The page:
FDA places hand sanitizer products from Mexico on import alert
The Food and Drug Administration (FDA) has placed all alcohol-based hand sanitizers from Mexico on import alert due to methanol contamination.
The agency said in a statement Tuesday that over the course of the coronavirus pandemic, it has seen a sharp increase in hand sanitizer products from Mexico that were labeled to contain ethanol, or ethyl alcohol, but actually tested positive for methanol.
Under import alert, the products are subject to heightened scrutiny, and staff may detain shipments of products.
This is the first time the agency has issued a countrywide import alert for any category of drug product.
FDA Associate Commissioner for Regulatory Affairs Judy McMeekin said in a statement that the import alert was “necessary to protect the safe supply of alcohol-based hand sanitizers.”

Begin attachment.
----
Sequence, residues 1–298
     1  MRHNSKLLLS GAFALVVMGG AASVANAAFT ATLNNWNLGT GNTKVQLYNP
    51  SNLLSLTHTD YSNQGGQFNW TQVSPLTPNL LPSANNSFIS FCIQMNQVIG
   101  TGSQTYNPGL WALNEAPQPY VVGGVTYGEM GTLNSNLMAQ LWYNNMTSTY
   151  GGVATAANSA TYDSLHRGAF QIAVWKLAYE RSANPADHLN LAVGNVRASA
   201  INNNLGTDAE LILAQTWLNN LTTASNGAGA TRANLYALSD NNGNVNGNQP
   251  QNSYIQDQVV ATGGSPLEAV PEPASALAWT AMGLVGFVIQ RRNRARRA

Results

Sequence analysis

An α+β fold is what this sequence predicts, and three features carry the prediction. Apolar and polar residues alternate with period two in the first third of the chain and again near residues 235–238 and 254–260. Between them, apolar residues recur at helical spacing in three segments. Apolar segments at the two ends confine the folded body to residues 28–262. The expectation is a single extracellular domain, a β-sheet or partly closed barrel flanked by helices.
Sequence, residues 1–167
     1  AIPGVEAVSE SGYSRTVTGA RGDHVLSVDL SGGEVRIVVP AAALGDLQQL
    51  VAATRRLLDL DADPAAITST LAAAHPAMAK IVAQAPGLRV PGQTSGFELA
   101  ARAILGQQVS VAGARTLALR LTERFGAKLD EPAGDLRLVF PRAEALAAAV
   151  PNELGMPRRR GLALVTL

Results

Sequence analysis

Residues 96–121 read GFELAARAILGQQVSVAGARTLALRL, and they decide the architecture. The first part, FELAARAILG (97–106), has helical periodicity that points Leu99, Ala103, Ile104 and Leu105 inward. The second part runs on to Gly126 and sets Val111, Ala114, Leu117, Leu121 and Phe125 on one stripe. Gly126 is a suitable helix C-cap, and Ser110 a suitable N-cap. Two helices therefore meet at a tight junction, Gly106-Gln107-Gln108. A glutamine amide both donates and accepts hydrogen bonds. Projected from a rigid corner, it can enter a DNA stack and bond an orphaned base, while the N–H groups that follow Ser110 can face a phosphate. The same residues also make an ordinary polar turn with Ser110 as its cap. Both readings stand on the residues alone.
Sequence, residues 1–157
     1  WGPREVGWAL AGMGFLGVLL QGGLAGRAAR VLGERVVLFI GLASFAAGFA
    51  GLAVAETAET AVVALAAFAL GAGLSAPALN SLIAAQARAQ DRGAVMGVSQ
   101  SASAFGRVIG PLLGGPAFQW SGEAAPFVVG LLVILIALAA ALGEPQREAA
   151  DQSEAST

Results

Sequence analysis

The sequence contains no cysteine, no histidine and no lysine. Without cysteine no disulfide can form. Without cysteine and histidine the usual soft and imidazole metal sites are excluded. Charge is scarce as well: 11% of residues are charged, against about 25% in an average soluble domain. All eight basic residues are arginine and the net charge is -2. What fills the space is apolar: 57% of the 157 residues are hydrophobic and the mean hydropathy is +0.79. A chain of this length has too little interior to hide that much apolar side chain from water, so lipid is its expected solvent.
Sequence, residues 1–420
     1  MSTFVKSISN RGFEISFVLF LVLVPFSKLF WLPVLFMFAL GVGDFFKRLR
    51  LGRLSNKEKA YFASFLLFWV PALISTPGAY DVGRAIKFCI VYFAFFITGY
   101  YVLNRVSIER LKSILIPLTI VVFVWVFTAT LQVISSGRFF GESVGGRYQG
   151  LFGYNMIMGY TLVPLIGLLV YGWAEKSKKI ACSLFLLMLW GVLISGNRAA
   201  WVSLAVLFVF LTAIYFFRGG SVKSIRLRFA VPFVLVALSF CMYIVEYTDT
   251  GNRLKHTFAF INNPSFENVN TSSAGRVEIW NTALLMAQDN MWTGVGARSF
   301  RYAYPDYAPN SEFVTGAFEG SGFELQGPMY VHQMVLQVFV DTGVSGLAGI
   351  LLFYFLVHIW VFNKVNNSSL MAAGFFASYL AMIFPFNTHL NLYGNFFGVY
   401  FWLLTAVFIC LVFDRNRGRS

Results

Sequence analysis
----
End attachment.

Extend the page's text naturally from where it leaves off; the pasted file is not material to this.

“We will continue to work with our stakeholders to ensure the availability of safe products and to communicate vital information with the health and safety of U.S. consumers in mind,” McMeekin said.
The agency said 84 percent of samples analyzed between April and December were not in compliance with the FDA’s regulation, and more than half were found to contain ingredients like methanol and/or 1-propanol at “dangerous levels.”
Methanol, or wood alcohol, can be toxic when absorbed through the skin and life-threatening when injected.
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